While other countries thrive on globalization, change flurries are going to be this country’s achilles heel.

One thing I’ve always found interesting is the way the micro magnifies onto the macro. Sybel underwent a strike within this first month I was here and way the strike played out clearly illustrated micro workings for me. It all started when Elyes went off on a swearing rampage and made the grave mistake of insulting all the technician’s mothers. The technicians refused to come back to work the next untill he apologized, which he didn’t, and from there- long story made short- things escalated into a full blast list of demands.  Working hours, job tasks, pay, respect, holidays, health care, safety standards, yada yada yada. It really mirrored the way strikes pan out in the US actually. (Inherent solidarity amongst the international working class case study material if i do say so myself. )

In a way, it’s amusing that I majored in Industrial and Labor Relations, but I had nothing much to offer for ameliorating the warfare that was going on each day at the office. This was partly due to the cultural complexity of it all, partly due to the fact that I was too new to embroil myself in it. To me, things could have been resolved quite easily: communication and more organized work processe. The fact that neither camp was even mentioning the obvious indicated to me that I am not going to be of use here.

Still, I decided to point out some tried and tested OB principles.  Elyes nodded seriously, grunted a few times, then said, ” You know, I would like to, but the culture won’t allow. The only way we can bring change in the work processes is if we find a European technician to work with them whicch will change their attitude. Without that, things cannot change. Hmm, can you start looking for a European technician?”. 

Whether you’d like to call it horrible reasoning or an easy defeat, either way, his logic by deduction led towards an impossible solution. This was the seminal point when I became aware of the built in apathy and fear of experimentalism. In the end, Ben Ali’s henchmen intervened and put everything straight. The truism “it takes a generation to create, a generation to maintain, and a generation to destroy” is moot for Tunisia. Thanks to the demi-dictator, Tunisians have been coasting along for over a generation, happy yes-mans to Ben Ali’s decrees and in effect, malleable pawns for his growth vision. Top-downism like I never knew!  

Most of us @ interns have noticed how our Tunisian friends are awfully coddled in a fabricated bubble. Could this be why Tunisians are quick to put up their nose to foreign food? Or grow hot over critiques about modernization? Or turn quizzical when we start chatting about the latest? Could it be they are immature because they don’t/can’t wonder? All work and no play may make Jack a dull boy, but the absence of change makes him duller.

The Real Value of Holidays

January 4, 2010 Leave a comment

This Christmas holiday, it was Punjabi family time everyday. Dinner parties, like the legendary. Parantha Fest where my grandma and masi make 3 different types of Indian latkas and we all get together to competively eat as many as possible. Pub nights, like our Christmas Eve drink fest at Woodlands where we enjoyed both the beer and running into my aunt’s heavily hair gelled ex-students, all brown of course. Can’t forget general down time, where we battled it out over ‘Articulate’ and drank cappucinno’s while watching Singh is King. Topping it all of with a cherry is the gloriously golden turkey we had for Christmas dinner that had…. a thurka masala stuffing.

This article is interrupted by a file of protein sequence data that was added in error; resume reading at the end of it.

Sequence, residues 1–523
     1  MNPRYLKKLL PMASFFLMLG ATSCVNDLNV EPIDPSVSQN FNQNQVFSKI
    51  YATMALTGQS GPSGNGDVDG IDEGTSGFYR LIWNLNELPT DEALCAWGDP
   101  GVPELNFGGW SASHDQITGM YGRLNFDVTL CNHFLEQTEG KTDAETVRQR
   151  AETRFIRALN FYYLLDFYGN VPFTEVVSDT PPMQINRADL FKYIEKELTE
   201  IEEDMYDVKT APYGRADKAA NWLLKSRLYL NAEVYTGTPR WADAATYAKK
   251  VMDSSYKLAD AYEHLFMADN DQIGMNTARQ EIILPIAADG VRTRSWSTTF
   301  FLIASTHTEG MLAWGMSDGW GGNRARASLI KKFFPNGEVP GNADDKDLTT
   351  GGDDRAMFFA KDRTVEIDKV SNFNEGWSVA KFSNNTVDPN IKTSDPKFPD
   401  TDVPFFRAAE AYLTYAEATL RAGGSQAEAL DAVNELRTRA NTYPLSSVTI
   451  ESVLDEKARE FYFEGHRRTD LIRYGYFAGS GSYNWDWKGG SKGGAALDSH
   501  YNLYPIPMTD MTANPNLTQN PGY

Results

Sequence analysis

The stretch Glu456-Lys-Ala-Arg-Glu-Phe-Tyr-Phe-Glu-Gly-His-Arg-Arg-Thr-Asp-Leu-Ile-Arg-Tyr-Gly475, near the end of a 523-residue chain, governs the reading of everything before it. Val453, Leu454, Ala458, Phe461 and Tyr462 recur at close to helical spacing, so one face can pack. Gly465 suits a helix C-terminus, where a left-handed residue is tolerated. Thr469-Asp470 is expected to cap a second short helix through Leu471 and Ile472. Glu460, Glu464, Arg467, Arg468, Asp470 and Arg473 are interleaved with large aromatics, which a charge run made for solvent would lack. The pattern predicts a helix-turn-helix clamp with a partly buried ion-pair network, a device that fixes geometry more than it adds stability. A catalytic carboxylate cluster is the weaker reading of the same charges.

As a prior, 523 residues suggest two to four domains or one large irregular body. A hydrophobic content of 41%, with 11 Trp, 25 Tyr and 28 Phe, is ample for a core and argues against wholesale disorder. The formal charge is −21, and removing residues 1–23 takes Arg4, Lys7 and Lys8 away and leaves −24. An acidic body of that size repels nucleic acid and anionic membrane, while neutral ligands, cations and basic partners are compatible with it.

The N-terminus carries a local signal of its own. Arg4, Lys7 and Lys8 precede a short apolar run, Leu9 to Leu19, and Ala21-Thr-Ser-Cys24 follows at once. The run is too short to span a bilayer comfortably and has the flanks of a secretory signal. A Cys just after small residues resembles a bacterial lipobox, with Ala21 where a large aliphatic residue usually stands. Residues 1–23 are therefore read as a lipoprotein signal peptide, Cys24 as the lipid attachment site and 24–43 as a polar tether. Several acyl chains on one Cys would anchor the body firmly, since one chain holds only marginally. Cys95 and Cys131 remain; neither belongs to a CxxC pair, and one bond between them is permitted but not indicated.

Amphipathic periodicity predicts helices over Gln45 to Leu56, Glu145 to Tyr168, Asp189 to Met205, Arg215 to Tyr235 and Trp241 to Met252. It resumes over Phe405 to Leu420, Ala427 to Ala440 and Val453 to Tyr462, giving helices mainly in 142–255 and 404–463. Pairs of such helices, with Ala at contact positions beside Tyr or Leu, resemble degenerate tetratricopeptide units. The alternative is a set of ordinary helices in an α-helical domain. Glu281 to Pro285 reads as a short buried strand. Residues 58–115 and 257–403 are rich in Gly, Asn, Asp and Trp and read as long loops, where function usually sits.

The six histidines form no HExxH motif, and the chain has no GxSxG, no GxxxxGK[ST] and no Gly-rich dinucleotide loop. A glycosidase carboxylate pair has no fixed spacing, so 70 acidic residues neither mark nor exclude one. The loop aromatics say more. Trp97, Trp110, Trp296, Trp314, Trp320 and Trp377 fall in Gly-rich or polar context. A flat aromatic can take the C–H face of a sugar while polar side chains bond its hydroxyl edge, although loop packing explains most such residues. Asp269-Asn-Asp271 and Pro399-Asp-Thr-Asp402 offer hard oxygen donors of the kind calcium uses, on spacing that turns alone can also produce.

Normally, my family does this almost eerie Pleasantville Christmas where we do a grand tree, a special dinner, open presents at a precise time, crank up christmas carols and eat a special brunch at a precise time, clean up then start cooking the main event altogether, then we eat at precisely 4:30, then we drink/desert/chat. Then it’s over. Just like that!

 I think that’s what I forgot though. It’s not about the exterior actions of Christmas, but the closeness it facilitates. I’m not Christian and so this holiday carves out a spécial time for me that is far beyond the Santa Clause or the birthday boy or lavish meals. It’s about having the luxury of time and using that to be with those near and dear to me. Shame I didn’t get to see my puppy 😦 I did a skype chat with my family and my baby Leo had already forgotten me. Stupid Cavalier King Charles’. They have no loyalties, as suggested by that happy go lucky name.

But in addition to family far away, I also got to reconnect with old friends all around London and I loved being able to tell my cousins, “Ok, I’m off to London Bridge! Hope it doesn’t fall down”. I’m such a christmas sweater wearing looser. 

Despite all the endless shopping, cuddles, and amazing food, I must admit, I was quite happy to come back to Tunisia. I have a new appreciation for it after being away. Omar was there waiting for me and his warm silliness made me so glad to be back. After I unloaded my duty free purchases of flavored Absolute, we went off for a sea side lunch outdoors, and then a walk along the beach in Lac where an amusement park with a ferris wheel slowly turns and techno heavily pumps.I saw the police reprimand a cute couple because they were getting a little too snuggly and the holy ghost couldn’t fit in between. I laughed for ages. I love this place. I love the surprises. And God, I love the weather. England sucks in that department! 

And that’s the other thing the holidays did for me, it made me appreciate what I have before me each day. I have exactly one month left in Tunisia and I think that’s the greatest Christmas present of all. Another chance to live what I love.